Dr. Leak: Absolutely. So, I think that that really makes the point, too. There are so many needs, right? In rural communities, urban communities, and everything in between. It really puts the point on the whole benefit of sharing and leveraging the specialties and the relationships that each organization has developed and can bring to the table so that they can collectively think about what’s the best strategic approach to this. So, I think that’s another fabulous benefit of coming together in a partnership to complete the CHNA. The other benefit that I’m recalling back in 2010 and 11, I think that at that time we engaged the Health Planning Council of Northeast Florida to support the assessment, to sort of do some of the heavy liftings with the data collection, if you will, and some of the data analysis. And I’m thinking back to that’s a pretty significant cost for one organization to take on. But if you have several organizations who have developed relationships are already comrades, if you will, come together, share that cost, it certainly reduces the burden on any one organization. So, I think that’s another pretty significant benefit.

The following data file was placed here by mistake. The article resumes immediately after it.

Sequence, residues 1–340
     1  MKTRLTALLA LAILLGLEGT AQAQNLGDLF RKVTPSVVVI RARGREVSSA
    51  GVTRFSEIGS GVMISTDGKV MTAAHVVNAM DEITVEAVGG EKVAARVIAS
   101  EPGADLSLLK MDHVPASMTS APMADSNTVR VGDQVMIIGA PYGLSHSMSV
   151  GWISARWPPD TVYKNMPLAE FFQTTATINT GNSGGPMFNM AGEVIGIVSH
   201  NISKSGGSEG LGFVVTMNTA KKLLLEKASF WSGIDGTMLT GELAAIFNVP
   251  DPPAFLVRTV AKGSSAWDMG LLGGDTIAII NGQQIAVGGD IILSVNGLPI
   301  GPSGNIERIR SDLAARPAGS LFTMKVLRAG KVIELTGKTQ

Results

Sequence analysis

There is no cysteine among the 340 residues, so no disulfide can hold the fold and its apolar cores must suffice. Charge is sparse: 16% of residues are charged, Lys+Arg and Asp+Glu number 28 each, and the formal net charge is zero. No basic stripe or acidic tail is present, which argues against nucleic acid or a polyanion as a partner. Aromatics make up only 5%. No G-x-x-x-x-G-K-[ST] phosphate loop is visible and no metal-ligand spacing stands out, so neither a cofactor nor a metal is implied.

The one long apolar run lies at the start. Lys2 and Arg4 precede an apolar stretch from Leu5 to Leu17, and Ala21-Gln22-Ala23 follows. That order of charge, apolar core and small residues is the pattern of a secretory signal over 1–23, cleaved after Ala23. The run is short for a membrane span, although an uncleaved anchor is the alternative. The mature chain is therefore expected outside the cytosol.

Bill: I had mentioned, I’m active locally on the health board, in the part of Northern Virginia, where I live, and it was the complete opposite there. And it was very frustrating because you had the health department doing a community needs assessment. We had one hospital doing their needs assessment. We had Kaiser Health Plan doing with their hospitals doing a needs assessment. And then we had another nonprofit hospital doing their needs assessment. They’re all out there talking to the same people, interviewing the same people, essentially coming up with four reports that by and large looked largely the same because they found the same thing. But yet we expanded four times the resources instead of people doing exactly what you did, which is okay, let’s come together, let’s share resources, information, and come up with a community report that we can all buy into. When Michelle was telling us about this, I was like, boy, you know, can we bring you guys up and send you to other communities? Because what you were able to do is not typical of what happened in a lot of communities. So again, hats off to you guys.